The consultation closes on 18 December 2023 and the FCA will review the feedback and develop final regulatory requirements for publication in a Policy Statement in 2024. The FCA proposes that the rules on disclosure will come into force 12 months after the final rules are published.
On 27 September 2023, the FCA published its findings on its review of how firms offering restricted mass market investments (RMMIs) have complied with new rules on the customer journey. The FCA identifies the following examples of good and poor practice for the wider sector to consider and make any necessary changes to their own practices.
Incentives to invest
The rules prohibit firms from communicating or approving a financial promotion which offers any monetary or non-monetary incentive to invest in high risk Investments. For example, offering referral bonuses, free gifts or cashback to consumers for investing.
Examples of good practice include having strong processes for oversight of any investor benefits which are exempt to ensure that they are limited to products or services that are genuinely produced or provided by the investee firm.
Examples of poor practice include not properly considering the full range of incentives offered by the firm against the ban, particularly those that are not paid immediately on sign up or that don’t require a consumer to invest to qualify.
Firms must include a cooling-off period for new consumers who request to see a direct offer of financial promotion.
Examples of good practice include:
- giving clear information that there is a cooling-off period, and the reason for the cooling-off period
- giving clear information once the cooling-off period has ended
- blocking the consumer from being able to view investment opportunities during the cooling-off period to allow consumers to make a considered decision on whether to proceed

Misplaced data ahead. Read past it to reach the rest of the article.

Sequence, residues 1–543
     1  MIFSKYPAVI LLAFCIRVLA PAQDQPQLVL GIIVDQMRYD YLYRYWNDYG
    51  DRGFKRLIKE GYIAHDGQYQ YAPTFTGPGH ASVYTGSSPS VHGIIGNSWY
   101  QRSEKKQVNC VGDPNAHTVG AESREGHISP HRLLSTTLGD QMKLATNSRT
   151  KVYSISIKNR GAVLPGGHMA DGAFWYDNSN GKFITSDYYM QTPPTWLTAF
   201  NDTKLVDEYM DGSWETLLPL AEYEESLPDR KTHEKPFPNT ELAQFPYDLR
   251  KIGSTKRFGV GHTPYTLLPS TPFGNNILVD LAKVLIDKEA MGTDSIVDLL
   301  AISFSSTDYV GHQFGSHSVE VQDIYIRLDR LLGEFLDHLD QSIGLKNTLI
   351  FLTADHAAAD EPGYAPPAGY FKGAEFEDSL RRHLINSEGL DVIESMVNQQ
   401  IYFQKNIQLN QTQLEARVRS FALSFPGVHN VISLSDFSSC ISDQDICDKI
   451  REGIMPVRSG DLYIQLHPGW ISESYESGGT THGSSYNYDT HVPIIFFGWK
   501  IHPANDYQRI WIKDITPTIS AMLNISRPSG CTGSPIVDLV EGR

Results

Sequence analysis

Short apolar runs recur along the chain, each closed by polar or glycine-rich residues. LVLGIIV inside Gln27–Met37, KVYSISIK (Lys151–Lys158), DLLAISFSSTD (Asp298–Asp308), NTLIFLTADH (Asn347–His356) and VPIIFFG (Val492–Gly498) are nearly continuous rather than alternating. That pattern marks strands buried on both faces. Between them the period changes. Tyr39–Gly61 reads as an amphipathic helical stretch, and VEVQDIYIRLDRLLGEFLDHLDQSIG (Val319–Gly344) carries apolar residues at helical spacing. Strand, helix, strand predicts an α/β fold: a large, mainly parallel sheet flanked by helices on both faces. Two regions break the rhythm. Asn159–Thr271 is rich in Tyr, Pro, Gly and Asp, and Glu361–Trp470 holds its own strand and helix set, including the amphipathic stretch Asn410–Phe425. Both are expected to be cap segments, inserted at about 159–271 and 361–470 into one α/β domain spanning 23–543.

Examples of poor practice include:
- not giving consumers the express option to proceed with or leave the investment journey at the end of the cooling-off period
- giving greater prominence to the option to proceed with the consumer journey, compared to the option to leave
- having inconsistent cooling-off arrangements across different communication channels,for example, options communicated by email differ from those displayed online
- requiring consumers to take additional steps to leave the investment journey compared to proceeding with it, for example, being required to provide further confirmation to leave the journey (such as an ‘are you sure?’ question) but not to proceed with it.
Firms should ensure that they give a personalised risk warning at the required point in the onboarding journey.
Examples of good practice include:
- including additional warnings at points in the journey where the firm felt it would aid consumer understanding of the risks
- firms offering multiple RMMIs have altered their risk summary appropriately for their products -where the products are significantly different, the firm gives different risk summaries for each product type.
Examples of poor practice include:
- changing the wording of the risk warnings to deviate from the wording prescribed in the rules
- the risk warnings not meeting prominence requirements or including design features that reduce the prominence of the risk warnings.
Most of the firms reviewed had implemented a robust process for ensuring consumers were able to self-categorise appropriately and provided correctly worded categorisation statements. Firms should not ignore information from the consumer suggesting that they may be incorrectly categorised.
Examples of good practice include:
- using additional resources such as Companies House or the FCA Register to verify information provided by consumers self-categorising as sophisticated
- providing additional tools to help consumers understand and calculate their net worth
- where consumers do not meet the criteria of the available categories, informing them that the RMMI is likely to not be appropriate for them and to consider seeking financial advice.
Examples of poor practice include: